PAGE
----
Targeting Mr. Rogers
I’m pretty sure that when Mr. Rogers asked the musical question “Won’t you be my neighbor?” he didn’t have giant corporate big box stores in mind. It’s been a while, but I’m pretty sure the Neighborhood of Make Believe didn’t have a Target store. So you can imagine my surprise, and maybe a little chagrin, when I heard a pop version of Mr. Rogers’ theme in a Target commercial.
Canadian bargain hunters were very excited when the discount giant announced their impending invading. Little did they know that Target would be invading Mr. Rogers Neighborhood at the same time.
There was a time when I hated hearing my favourite tunes in commercials. It made me feel like my rock heroes were selling out to The Man. There were newspaper articles written in reaction to Bob Segar’s Like a Rock being used on a pickup truck commercial. I bristled when Canadian power trio Triumph did a Pepsi commercial leading up to their Thunder Seven world tour. I guess it was kind of the rock n’ roll version of what The Jacksons had done, except that no one’s head caught on fire. Years later I remember feeling just a tad disappointed when the Barenaked Ladies’ One Week was used for a car commercial.
But where do you draw the line?
In recent years several little known artists found invaluable publicity opportunities by allowing their songs to be used for commercials. I discovered Ingrid Michaelson’s The Way I Am, perhaps her most successful song, in a Zeller’s commercial. The Golden Age, by Denmark’s The Asteroids Galaxy Tour, made it big, at least on this side of the Atlantic, in a Heineken commercial. Roseanne Cash’s Land of Dreams enjoyed widespread exposure thanks to a U.S. tourism television campaign. Lady Gag’s brand new Applause is already on a Kia commercial. And where would Feist be without the iPod commercial that featured her song 1234? Or Jet, for that matter, with Be My Girl?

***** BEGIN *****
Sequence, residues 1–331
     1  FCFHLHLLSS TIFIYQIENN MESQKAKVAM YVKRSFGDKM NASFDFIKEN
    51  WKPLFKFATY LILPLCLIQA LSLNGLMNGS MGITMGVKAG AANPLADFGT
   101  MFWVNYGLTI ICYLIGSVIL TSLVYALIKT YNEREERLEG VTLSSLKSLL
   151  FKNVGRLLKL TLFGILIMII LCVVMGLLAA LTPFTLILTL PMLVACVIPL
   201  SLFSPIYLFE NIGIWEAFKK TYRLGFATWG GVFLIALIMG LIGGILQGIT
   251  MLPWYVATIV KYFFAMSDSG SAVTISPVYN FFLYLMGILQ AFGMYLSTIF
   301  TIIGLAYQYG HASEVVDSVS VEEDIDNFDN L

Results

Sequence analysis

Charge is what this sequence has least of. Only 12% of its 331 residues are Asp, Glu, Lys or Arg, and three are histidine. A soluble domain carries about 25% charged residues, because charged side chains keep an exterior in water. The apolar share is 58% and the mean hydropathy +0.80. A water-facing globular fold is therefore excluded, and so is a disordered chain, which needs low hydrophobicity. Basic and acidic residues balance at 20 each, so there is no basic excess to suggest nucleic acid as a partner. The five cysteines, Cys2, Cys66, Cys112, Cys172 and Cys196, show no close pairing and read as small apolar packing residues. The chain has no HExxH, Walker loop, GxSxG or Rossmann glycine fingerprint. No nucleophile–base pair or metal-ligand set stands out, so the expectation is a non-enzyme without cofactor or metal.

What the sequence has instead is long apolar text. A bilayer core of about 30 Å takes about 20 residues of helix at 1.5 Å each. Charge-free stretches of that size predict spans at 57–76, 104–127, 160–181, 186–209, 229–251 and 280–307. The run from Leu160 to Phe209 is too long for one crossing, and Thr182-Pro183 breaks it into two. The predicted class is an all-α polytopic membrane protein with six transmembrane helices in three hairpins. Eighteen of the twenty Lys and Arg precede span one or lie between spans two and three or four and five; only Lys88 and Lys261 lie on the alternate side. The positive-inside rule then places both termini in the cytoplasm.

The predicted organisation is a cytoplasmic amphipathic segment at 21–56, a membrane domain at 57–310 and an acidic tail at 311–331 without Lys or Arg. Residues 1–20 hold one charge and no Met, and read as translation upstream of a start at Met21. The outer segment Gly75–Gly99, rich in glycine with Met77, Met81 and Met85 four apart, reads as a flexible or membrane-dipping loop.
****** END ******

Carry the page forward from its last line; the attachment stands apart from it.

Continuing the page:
And what about the classics? A whole new generation heard Etta James’ At Last well before Beyonce sang it after it was used for several commercials. It made perfect sense to use The Kinks’ Picture Book on a commercial for Hewlett-Packard’s digital photography products. A parody of Donavan’s Mellow Yellow was used in a butter commercial. And of course the California Raisins famously covered Marvin Gaye’s I Heard it Through the Grapevine (actually, they ended up with a record deal, covering all kinds of Motown tunes.).
But some things are just sacred, right? I heard the Target commercial and I thought “Mr. Rogers wouldn’t stand for that, would he?” I may not have liked Mr. Rogers’ Neighborhood. But I know what he stood for, and what he wouldn’t stand for. The new, pop version of Mr. Rogers’ theme song was recorded by a Canadian band called Dragonette. They’ve been around since 2005, and have a handful of records under their belt. I don’t know if they’d ever play “Won’t You Be My Neighbor” in concert, but they recorded it earlier this year specifically for Target, and fans of The Neighborhood are not happy.